HOME > Chowhound > Home Cooking >

Discussion

What was the first thing you learned to make?

The first thing I learned to make was hot dogs, I remember distinctly being mad at my mother for making chicken one night when I wanted hot dogs. She was peeved but she told me how to cook them. I boiled them for ten minutes and then ate them. It was really great. then I think I learned to bake and scramble eggs. I used to make scrambled eggs for my parents on weekend mornings, they were nice enough to eat my concoctions!

What about you?

  1. Click to Upload a photo (10 MB limit)
Delete
  1. I think it was Jello or maybe instant pudding. My Mom always included us in the kitchen (Unless she was deep frying, then we had to get out) I also remember learning to make playdough, salt, oil, flour, food colouring.

    1 Reply
    1. re: ike04

      Ike - I forgot about the playdough! Also the home made glue - flour and water and I think cream of tartar.

      My mom was a true home cook (lots of kids and not a lot of $$). She made bread and rolls weekly. I remember getting a piece of dough and forming it into a small baking pan.

      She made beans from dried and I remember sorting thru the beans to clean them.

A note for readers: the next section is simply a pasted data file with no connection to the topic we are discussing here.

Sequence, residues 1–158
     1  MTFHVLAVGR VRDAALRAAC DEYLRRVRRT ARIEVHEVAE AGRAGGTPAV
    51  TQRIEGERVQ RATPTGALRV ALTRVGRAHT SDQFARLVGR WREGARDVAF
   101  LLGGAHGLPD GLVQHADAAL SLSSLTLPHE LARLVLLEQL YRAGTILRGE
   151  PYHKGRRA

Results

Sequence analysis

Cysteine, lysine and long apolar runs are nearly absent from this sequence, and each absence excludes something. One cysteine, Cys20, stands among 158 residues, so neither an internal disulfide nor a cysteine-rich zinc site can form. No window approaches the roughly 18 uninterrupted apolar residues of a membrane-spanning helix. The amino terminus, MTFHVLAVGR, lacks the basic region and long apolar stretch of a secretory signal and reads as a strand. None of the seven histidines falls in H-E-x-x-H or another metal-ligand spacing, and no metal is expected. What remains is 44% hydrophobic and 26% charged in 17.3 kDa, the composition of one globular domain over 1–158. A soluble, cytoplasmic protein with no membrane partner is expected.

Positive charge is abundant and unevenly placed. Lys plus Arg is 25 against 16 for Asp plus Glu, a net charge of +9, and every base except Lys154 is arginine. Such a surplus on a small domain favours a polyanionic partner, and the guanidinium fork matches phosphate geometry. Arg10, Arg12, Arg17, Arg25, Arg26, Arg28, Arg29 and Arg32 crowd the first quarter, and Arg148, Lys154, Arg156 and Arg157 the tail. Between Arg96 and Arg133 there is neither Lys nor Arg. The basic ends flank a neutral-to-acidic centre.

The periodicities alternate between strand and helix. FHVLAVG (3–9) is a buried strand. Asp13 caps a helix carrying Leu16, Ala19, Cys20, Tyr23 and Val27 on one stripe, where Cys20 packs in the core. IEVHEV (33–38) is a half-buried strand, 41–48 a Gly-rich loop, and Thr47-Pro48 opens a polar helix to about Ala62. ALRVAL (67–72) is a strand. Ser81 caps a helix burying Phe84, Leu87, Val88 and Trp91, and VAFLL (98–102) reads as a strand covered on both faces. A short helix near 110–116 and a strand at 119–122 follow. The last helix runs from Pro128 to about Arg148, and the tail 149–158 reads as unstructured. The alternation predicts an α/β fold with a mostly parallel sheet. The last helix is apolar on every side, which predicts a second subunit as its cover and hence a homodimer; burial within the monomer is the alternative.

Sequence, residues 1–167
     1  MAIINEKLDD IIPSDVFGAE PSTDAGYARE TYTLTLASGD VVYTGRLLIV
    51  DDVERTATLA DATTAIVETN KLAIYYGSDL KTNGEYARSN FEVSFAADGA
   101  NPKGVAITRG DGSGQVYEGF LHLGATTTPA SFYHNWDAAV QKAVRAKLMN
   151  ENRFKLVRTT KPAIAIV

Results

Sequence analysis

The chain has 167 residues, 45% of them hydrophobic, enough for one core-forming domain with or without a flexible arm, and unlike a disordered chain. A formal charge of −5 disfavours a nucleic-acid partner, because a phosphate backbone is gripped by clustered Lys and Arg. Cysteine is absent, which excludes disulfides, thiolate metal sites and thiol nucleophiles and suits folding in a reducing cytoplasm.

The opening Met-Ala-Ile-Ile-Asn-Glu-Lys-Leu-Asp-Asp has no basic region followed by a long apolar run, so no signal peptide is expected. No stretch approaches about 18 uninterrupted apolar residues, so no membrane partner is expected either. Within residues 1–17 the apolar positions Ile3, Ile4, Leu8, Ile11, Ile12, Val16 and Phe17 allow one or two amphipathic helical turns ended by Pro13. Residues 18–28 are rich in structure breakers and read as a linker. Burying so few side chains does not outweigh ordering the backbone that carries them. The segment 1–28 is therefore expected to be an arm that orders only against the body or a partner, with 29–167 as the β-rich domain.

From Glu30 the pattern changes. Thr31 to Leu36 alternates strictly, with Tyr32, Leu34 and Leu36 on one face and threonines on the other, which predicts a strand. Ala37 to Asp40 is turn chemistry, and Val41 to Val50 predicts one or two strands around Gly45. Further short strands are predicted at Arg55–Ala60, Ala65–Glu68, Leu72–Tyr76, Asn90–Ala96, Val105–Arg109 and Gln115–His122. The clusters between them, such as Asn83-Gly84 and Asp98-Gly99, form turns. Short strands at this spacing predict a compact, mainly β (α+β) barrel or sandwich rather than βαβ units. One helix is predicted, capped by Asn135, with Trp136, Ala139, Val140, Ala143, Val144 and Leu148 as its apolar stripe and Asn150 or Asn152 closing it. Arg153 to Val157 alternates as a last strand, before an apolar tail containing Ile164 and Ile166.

She made butter and I remember shaking the jar 'till it was made.

      Pies were for holidays or church functions and we'd get a chunk of pie to form into our 'patty pans' (don't know why we called them that but we did)

      Homemade ice cream w/ the hand crank.

      Mom went back to work and eventually 'assigned' dinner to each child. I was in school and working a split shift for 2 jobs. My turn at dinner was to put bread, butter and jelly (home canned from fruit) on the table with knives. I was barely home long enough to eat and change clothes. I was quickly removed from this rotation.

      I probably didn't start cooking from a recipe until after I was married.

    2. Christmas cookies! I must have been at least 3 years old. I'm sure I was more of a hindrance than a help, but 46 or so years later I am still baking them; and my love and passion for baking has only increased. In fact, I used to be able to stay home a day or two from school each December just to help her. Great memories! Pressed spritz cookies were a big thing with us...I still love using that machine.

      1. What a great thread! Brings up old memories! I too was in the kitchen for most of my mothers cooking when I was little so its tough to remember what the first thing I learned was other than just general bits of wisdom- but I know I was involved with Christmas cookies from a very young age- and I had responsibility for sorting cranberries and measuring for cranberry sauce for Thanksgiving when I was little as well-even if I didnt stir the hot pot :-)

        The first recipe I learned by heart though-after Cranberry sauce- Toll House Chocolate Chip Cookies haha

        1 Reply
        1. re: fmcoxe6188

          Yes, I believe Chocolate Chip cookies were the first thing that I learned to make. Although in reality it may have been Kraft Macaroni and Cheese.